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Argentina to ask U.S. for exemption from steel, aluminum tariffs

BUENOS AIRES, March 8 (Reuters) - Argentina will seek to
join Mexico and Canada in getting an exemption from U.S. tariffs
on steel and aluminum imports, which President Donald Trump
finalized in a proclamation on Thursday, the South American
country's Foreign Ministry said.

In pressing ahead with the 25 percent tariffs on steel
imports and 10 percent for aluminum, Trump exempted Canada and
Mexico in a move aimed at pressuring them to give ground in
separate talks on the North American Free Trade Agreement.

"Trump affirmed that others could receive this privilege,
through a process that will be announced shortly," the Foreign
Ministry said in a statement, noting that Argentina accounted
for just 0.6 percent of U.S. steel imports and 2.3 percent of
its aluminum imports.

"Argentina is not the cause of nor does it contribute to the
distortions that affect U.S. and world markets."

Aluar Aluminio Argentino, Argentina's sole primary
aluminum producer, which is 10 percent state-owned, asked the
U.S. Commerce Department last year to exempt it from any adverse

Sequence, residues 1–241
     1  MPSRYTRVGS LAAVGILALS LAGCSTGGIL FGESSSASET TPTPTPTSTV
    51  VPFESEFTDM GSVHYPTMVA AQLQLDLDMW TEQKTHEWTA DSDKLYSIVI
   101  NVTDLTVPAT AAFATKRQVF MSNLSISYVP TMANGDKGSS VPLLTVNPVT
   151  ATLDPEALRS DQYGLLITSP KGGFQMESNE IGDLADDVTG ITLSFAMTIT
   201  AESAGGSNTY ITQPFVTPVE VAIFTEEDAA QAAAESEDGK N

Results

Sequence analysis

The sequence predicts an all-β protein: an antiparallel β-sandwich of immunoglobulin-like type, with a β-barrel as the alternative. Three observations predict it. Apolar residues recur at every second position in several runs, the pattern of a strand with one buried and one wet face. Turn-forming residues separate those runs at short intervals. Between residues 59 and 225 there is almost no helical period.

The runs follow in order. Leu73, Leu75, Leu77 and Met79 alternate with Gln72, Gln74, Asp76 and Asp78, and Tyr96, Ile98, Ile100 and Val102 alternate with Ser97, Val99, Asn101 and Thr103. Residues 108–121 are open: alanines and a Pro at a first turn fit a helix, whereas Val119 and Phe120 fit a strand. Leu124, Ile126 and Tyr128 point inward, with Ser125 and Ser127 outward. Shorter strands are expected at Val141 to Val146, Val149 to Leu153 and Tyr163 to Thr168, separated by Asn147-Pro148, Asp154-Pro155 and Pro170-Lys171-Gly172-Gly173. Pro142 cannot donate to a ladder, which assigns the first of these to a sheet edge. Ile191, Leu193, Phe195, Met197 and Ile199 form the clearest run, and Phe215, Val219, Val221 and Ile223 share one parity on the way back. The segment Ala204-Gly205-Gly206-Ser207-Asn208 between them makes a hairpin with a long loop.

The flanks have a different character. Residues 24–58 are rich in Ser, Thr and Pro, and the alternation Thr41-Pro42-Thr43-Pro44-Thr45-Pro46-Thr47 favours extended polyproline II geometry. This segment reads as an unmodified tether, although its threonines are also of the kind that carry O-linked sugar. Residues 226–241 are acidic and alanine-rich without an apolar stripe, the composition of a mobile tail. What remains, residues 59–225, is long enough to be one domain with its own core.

measures implemented after its investigation into the national
security impacts of imports of the metal.

The company has also been seeking to diversify its export

Shares in Argentine steel producer Siderar,
controlled by Ternium SA, fell after Trump announced the
tariffs earlier this month, but have since recovered.

In 2017, Argentina exported $763 million of aluminum and
$686 million of steel, each representing slightly more than 1
percent of total exports, government data show. The NAFTA
market, which includes the United States, was the primary
destination for both products.

Protectionist measures from the United States have tested
bilateral relations, which have generally improved since
President Mauricio Macri took office in late 2015 and sought to
boost Argentina's foreign trade after more than a decade of
populist rule. Macri has said he is willing to challenge U.S.
tariffs on biodiesel imports at the World Trade Organization.

(Reporting by Luc Cohen; Editing by Peter Cooney)

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